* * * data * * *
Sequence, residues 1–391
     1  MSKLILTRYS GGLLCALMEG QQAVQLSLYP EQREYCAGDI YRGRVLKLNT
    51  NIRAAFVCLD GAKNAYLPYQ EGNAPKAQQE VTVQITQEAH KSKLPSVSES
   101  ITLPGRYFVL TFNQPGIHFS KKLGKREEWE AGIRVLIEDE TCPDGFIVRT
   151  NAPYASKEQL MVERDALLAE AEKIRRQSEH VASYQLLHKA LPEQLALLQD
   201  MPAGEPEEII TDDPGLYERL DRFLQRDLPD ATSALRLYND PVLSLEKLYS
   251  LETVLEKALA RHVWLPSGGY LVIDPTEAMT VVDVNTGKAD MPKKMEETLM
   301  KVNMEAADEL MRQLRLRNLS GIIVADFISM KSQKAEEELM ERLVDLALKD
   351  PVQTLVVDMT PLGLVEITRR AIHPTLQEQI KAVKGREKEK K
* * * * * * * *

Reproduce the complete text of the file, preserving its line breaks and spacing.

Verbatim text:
Sequence, residues 1–391
     1  MSKLILTRYS GGLLCALMEG QQAVQLSLYP EQREYCAGDI YRGRVLKLNT
    51  NIRAAFVCLD GAKNAYLPYQ EGNAPKAQQE VTVQITQEAH KSKLPSVSES
   101  ITLPGRYFVL TFNQPGIHFS KKLGKREEWE AGIRVLIEDE TCPDGFIVRT
   151  NAPYASKEQL MVERDALLAE AEKIRRQSEH VASYQLLHKA LPEQLALLQD
   201  MPAGEPEEII TDDPGLYERL DRFLQRDLPD ATSALRLYND PVLSLEKLYS
   251  LETVLEKALA RHVWLPSGGY LVIDPTEAMT VVDVNTGKAD MPKKMEETLM
   301  KVNMEAADEL MRQLRLRNLS GIIVADFISM KSQKAEEELM ERLVDLALKD
   351  PVQTLVVDMT PLGLVEITRR AIHPTLQEQI KAVKGREKEK K